Full compensation for seized property was the reasoning behind the Supreme Court’s 8-1 decision to rule the USDA’s raisin management program in California unconstitutional. The supply management enacted in 1949, and based on a 1937 USDA program had farmer’s giving a raisin tithe to the government to ensure a stable price for the crop. Marvin and Laura Horne said enough in 2003, and have been waging a battle against the program and the government’s ability to demand a portion of their raisin crop ever since. They won the minds of the Supreme Court, with some skirmishes between Justice Thomas and Justices Breyer, Ginsburg, and Kagan. With one exception, Justice Sonia Sotomayor, who dissented, saying that the supply management program did not deprive them of all their property rights, and only limited their income.

As a Bronx-raised Nuyorican, it is perhaps unlikely that Sotomayor saw herself as a direct companion in arms of Cesar Chavez and farm worker activism. But as a student activist who fought and denounced her way up the student ladder in Princeton and Yale in the 70’s, she surely saw herself and sees herself, alongside Cesar Chavez, as a pioneer for Hispanic student rights and Hispanic rights in general. It is safe to say that Sotomayor is far from being a libertarian, and despite receiving reviews of her judicial rulings that characterize her rulings as neutral and non-ideological, it is clear that she has no problem with state intervention. Be that affirmative action – of which she was practically a case study in terms of latino students in her years at university – or the conditioning of property rights by a an all-present state.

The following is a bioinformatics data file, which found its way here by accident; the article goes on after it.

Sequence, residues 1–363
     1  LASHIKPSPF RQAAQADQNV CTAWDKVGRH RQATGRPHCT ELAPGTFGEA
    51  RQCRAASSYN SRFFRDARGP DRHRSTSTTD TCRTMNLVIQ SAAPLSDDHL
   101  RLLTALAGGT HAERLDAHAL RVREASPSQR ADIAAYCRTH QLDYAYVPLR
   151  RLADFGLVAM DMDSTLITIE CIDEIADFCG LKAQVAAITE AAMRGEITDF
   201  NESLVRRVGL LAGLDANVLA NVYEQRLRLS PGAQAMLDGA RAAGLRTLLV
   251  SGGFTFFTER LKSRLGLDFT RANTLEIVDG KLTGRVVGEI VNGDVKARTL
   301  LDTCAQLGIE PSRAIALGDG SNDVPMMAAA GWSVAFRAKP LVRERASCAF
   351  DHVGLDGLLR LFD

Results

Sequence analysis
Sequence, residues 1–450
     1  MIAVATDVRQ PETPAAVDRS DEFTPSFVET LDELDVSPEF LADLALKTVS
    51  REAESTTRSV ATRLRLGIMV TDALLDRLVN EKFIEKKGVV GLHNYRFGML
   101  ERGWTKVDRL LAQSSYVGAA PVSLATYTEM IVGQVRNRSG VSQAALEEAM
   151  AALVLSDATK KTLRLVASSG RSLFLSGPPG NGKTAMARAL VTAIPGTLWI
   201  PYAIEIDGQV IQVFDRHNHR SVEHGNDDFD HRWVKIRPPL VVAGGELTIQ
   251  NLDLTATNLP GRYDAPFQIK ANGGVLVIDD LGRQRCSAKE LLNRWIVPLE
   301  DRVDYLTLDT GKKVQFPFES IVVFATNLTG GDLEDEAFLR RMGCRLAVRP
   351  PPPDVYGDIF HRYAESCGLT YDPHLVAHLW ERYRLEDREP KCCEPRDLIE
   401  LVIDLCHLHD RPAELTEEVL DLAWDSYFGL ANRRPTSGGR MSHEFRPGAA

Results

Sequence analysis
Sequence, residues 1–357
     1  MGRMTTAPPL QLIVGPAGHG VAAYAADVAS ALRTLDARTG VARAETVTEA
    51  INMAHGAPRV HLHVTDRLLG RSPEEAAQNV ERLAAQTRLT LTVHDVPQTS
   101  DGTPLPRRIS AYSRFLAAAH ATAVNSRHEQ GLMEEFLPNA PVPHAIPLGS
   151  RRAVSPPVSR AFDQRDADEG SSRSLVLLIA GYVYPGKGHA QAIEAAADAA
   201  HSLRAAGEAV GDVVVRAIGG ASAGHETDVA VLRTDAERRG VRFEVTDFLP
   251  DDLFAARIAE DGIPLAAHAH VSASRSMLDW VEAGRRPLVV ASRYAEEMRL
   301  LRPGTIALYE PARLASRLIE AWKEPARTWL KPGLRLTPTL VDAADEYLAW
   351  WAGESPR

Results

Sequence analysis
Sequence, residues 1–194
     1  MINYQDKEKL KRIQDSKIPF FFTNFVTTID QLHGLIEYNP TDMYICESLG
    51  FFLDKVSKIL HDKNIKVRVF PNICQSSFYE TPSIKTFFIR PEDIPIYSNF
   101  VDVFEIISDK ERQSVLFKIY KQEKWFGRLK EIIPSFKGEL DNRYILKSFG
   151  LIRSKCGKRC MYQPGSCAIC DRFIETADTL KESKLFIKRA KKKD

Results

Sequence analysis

Aside from wondering how stable raisin prices are of any importance today in a connected global world where agricultural products move from continent to continent, Sotomayor’s stance on property rights is unsettling. Her view seems to be: the Hornes should be grateful the government didn’t take more of their crop. What counts is civil rights, and it’s corollary of activism, rather than property rights. So the ghost of Cesar Chavez is indeed near and dear to Justice Sotomayor’s heart and mind. And that’s hardly surprising.